Can. 1090 §1. Anyone who with a view to entering marriage with a certain person has brought about the death of that person’s spouse or of one’s own spouse invalidly attempts this marriage.
§2. Those who have brought about the death of a spouse by mutual physical or moral cooperation also invalidly attempt a marriage together.
Can. 1091 §1. In the direct line of consanguinity marriage is invalid between all ancestors and descendants, both legitimate and natural.
§2. In the collateral line marriage is invalid up to and including the fourth degree.
§3. The impediment of consanguinity is not multiplied.
§4. A marriage is never permitted if doubt exists whether the partners are related by consanguinity in any degree of the direct line or in the second degree of the collateral line.
Can. 1092 Affinity in the direct line in any degree invalidates a marriage.
Can. 1093 The impediment of public propriety arises from an invalid marriage after the establishment of common life or from notorious or public concubinage. It nullifies marriage in the first degree of the direct line between the man and the blood relatives of the woman, and vice versa.Can. 1094 Those who are related in the direct line or in the second degree of the collateral line by a legal relationship arising from adoption cannot contract marriage together validly.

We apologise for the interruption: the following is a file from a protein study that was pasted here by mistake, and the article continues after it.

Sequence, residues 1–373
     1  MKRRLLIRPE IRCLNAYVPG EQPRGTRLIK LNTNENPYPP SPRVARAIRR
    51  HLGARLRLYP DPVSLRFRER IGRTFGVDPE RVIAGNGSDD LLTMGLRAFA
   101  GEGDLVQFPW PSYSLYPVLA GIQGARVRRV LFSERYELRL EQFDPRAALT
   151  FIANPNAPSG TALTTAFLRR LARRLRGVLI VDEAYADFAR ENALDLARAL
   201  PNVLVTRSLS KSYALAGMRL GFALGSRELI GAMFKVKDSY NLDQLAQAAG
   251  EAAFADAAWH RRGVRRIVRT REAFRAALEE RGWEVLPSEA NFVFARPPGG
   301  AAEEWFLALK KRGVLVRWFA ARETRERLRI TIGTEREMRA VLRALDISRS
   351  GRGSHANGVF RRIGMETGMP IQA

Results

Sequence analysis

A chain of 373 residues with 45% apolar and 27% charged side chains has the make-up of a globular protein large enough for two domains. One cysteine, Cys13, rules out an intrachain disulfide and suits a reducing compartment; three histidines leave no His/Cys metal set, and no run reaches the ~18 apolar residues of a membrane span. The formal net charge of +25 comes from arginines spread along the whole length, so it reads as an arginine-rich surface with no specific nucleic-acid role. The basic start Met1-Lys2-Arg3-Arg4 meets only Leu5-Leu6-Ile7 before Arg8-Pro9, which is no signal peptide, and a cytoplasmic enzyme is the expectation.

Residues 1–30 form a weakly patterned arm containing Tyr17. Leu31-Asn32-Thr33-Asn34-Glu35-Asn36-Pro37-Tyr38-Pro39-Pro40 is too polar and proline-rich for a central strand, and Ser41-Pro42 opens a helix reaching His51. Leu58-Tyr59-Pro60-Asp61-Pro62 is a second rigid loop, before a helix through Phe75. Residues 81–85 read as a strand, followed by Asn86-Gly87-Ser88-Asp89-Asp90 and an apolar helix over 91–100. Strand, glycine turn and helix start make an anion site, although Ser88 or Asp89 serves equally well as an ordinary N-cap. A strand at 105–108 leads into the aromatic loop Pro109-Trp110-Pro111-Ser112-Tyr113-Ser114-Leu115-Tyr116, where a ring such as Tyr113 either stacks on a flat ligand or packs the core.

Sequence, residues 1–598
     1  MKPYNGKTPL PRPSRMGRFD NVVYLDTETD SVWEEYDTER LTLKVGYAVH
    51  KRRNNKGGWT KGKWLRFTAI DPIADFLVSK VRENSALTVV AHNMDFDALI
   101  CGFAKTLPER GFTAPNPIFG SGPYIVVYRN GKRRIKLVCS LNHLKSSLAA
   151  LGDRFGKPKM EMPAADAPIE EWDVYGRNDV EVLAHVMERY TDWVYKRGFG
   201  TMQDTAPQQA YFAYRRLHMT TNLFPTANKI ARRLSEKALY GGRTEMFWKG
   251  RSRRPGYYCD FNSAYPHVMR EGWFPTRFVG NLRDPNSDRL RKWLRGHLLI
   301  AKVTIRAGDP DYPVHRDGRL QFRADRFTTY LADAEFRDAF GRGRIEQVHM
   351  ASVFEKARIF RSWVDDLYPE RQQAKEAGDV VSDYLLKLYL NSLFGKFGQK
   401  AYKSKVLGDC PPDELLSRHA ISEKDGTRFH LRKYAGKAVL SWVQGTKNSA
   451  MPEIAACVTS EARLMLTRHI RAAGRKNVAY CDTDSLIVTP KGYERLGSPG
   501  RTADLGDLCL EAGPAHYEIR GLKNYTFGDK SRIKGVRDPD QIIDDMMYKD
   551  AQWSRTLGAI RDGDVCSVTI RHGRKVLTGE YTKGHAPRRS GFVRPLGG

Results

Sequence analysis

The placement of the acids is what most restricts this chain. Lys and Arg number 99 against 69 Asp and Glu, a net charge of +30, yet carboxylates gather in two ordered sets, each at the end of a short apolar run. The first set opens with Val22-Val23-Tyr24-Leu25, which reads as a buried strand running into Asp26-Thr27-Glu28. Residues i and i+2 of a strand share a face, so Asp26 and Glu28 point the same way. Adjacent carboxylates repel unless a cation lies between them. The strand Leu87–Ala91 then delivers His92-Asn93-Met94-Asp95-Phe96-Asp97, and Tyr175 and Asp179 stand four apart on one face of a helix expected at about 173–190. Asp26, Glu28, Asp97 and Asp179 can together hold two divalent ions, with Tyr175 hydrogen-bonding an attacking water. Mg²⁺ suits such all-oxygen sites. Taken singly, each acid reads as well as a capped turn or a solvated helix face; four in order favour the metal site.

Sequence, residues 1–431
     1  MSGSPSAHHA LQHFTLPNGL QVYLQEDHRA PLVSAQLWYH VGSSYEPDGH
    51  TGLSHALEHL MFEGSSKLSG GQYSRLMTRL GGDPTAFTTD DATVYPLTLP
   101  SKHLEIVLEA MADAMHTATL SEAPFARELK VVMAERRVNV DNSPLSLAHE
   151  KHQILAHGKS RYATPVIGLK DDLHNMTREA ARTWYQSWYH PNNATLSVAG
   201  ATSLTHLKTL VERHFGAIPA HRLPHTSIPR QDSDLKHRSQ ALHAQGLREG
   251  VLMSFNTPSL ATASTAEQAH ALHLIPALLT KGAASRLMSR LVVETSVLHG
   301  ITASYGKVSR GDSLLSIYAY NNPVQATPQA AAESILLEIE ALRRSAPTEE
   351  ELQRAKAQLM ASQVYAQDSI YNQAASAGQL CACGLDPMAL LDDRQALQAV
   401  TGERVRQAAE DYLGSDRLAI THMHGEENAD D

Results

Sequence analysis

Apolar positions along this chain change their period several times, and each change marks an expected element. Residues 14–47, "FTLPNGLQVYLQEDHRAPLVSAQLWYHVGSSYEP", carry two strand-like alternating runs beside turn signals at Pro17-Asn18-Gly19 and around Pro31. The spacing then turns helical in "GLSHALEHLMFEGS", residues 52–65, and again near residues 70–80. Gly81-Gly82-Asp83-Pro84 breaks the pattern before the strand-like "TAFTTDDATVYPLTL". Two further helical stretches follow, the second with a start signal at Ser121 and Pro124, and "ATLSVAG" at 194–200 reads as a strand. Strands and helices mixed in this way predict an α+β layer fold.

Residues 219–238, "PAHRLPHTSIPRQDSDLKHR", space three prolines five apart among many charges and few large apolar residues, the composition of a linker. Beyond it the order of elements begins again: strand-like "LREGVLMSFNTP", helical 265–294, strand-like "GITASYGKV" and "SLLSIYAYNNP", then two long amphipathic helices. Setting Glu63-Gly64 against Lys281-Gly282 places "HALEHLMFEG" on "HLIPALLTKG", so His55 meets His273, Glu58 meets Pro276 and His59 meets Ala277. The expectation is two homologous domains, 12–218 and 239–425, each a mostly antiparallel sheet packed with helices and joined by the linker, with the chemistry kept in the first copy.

As you can see, the limitations on marriage are not confined to bloodline or consanguinity concerns, they extend to a whole category of religious and arguably, social concerns as well. In the Catholic Church if a couple wanted to pursue a marriage between cousins, for example, they were required to submit a petition to a bishop to permit the marriage called a dispensa matrimonial. When such a petition is submitted it is a goldmine of information about the family. These types of records are usually found at the diocese level. 

If you have a question about the legality of a marriage, you should research both the civil and church law in the area where your ancestors lived. Now, despite these restrictions, we should remember that there are those of our ancestors who may have consciously or unconsciously broken the law. Historically, we should also remember the history of the Church of England and its origin in a dispute between King Henry VIII and the Pope over a divorce and remarriage. These marriage restrictions can be historically important as well as applicable to obscure individuals. 

1 comment:

  1. I have a list of forbidded relationships at
    The extension in 1536 under the Second British Temporal Statute might frighten a few today